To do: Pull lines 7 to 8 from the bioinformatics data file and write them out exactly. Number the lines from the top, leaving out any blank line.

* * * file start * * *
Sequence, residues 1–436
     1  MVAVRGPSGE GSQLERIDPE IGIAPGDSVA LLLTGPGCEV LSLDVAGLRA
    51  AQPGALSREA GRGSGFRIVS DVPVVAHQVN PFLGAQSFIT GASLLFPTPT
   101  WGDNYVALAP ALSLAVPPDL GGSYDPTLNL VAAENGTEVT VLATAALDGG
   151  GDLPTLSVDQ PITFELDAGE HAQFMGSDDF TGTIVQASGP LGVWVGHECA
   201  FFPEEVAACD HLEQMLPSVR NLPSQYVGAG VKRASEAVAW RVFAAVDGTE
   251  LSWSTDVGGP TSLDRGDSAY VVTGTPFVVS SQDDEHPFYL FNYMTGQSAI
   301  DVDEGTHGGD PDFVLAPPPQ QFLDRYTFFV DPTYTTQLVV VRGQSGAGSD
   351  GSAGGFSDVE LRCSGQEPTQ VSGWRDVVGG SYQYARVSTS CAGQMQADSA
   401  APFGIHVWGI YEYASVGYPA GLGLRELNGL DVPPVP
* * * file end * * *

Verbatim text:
   251  LSWSTDVGGP TSLDRGDSAY VVTGTPFVVS SQDDEHPFYL FNYMTGQSAI
   301  DVDEGTHGGD PDFVLAPPPQ QFLDRYTFFV DPTYTTQLVV VRGQSGAGSD